South Australia on flood watch as forecasters reveal where wild storms will hit next
Record-breaking rain is keeping South Australia on flood watch after a weekend deluge turned streets into rivers, destroyed major highways, and washed away cars across the state’s outback.
Communities along the Eastern Eyre Peninsula, Flinders Creeks, Yorke Peninsula, and Broughton River on Monday remained at risk of flooding as thunderstorms and rain linger over the state, having already caused havoc further inland over the past couple of days.
The heavy downpour also has other major cities on notice, with storms set to move slowly eastwards in the coming days.
Social media was awash with dramatic images of South Australia’s record-breaking downpour, with outback roadhouses and rescue teams marvelling at the chaos.
Council workers were last night attempting to repair a patch of the Olympic Dam Highway between Pimba and Woomera that had been washed away, with a temporary fix put in place to let trapped residents through.
“Roxby Downs is now an island and cut off from civilisation. We are in our own Bubble,” posted Simon Darling on Saturday night.
“It just keeps coming,” posted the Cudgee Bar in Woomera as the rains slammed down.
“Wild to see water cascading down Christmas Hill Road, Opal Creek Boulevard, School Road and Dodgy Drive,” wrote the Andamooka Observatory.
“Well done to the community for looking after each other and helping out where they can.”
Elsewhere, the Coober Pedy Mine Rescue team shared images of car that had been washed away in floodwater on Outback Highway in the northern Flinders Ranges near Beltana.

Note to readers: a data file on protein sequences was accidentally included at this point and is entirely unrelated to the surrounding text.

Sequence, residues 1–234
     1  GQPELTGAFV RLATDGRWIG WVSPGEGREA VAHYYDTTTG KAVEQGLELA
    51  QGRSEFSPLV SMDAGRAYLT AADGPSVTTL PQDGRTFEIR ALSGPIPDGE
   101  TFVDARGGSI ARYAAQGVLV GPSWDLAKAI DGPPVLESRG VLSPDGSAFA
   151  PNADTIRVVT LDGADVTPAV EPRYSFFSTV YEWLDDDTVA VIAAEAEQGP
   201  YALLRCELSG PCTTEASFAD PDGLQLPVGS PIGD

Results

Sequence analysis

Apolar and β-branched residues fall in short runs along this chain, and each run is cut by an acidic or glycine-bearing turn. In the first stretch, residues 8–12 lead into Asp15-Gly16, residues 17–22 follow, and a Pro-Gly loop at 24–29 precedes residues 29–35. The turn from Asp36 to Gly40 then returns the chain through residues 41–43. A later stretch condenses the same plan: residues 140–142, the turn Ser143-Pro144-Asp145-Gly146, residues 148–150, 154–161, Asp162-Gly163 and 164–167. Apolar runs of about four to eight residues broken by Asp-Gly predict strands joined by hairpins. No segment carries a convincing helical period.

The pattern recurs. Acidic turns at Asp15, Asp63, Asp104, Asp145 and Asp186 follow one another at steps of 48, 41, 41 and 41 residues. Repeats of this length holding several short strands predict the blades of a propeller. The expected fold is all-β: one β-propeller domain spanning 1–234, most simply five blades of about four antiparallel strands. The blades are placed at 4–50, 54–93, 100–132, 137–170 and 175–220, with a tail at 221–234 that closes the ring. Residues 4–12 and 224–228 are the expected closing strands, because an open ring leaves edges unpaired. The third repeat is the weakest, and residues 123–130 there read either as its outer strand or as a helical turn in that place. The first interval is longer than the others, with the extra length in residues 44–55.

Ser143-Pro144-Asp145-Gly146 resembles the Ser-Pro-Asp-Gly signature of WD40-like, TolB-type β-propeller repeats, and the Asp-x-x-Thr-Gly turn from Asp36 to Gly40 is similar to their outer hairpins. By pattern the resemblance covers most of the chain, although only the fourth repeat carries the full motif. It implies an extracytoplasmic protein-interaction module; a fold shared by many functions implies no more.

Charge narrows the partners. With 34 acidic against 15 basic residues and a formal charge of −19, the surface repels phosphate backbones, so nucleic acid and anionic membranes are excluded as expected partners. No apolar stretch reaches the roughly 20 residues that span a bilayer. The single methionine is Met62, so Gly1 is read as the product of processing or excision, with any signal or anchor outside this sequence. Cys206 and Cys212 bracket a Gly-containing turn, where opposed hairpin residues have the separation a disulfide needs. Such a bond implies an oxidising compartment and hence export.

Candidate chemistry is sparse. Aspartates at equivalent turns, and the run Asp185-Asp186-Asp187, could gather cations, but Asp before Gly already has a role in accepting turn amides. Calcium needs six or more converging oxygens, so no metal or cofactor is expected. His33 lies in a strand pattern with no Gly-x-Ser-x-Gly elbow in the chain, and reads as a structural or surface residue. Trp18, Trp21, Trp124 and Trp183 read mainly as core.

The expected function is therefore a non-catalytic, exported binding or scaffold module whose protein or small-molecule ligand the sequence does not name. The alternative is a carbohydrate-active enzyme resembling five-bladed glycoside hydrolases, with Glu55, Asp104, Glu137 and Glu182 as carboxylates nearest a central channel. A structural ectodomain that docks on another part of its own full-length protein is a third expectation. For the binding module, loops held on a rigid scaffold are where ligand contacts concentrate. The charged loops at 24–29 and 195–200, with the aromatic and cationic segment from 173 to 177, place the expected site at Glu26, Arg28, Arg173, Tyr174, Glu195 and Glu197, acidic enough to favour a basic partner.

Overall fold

Roxby Council on Sunday said there were still large areas of the Stuart Highway covered by water and, with another severe weather warning issued for the region, motorists are advised to delay travel plans or make alternative travel arrangements where possible.
The Bureau of Meteorology said some inland areas of South Australia copped an all-time record drenching, with hundreds off calls for assistance and 11 people requiring rescuing after being trapped by floodwaters.
The South Australian State Emergency Service on Monday said multiple roads and towns on the Yorke and Eyre peninsulas may be damaged or covered in debris, with residents urged to prepare their homes for flooding.
Meanwhile, thunderstorms have developed in the Northern Territory on a trough near the southern Barkly District and are moving very slowly northwards.
This is likely to produce heavy rainfall that may lead to flash flooding at Barrow Creek.
The Bureau was predicting unsettled conditions for most of the country throughout the rest of the week, including hot, sticky weather and rain.
Storms are predicted to head eastwards as the week progresses with Western Queensland next in the firing line.
Originally published as South Australia on flood watch as forecasters reveal where wild storms will hit next
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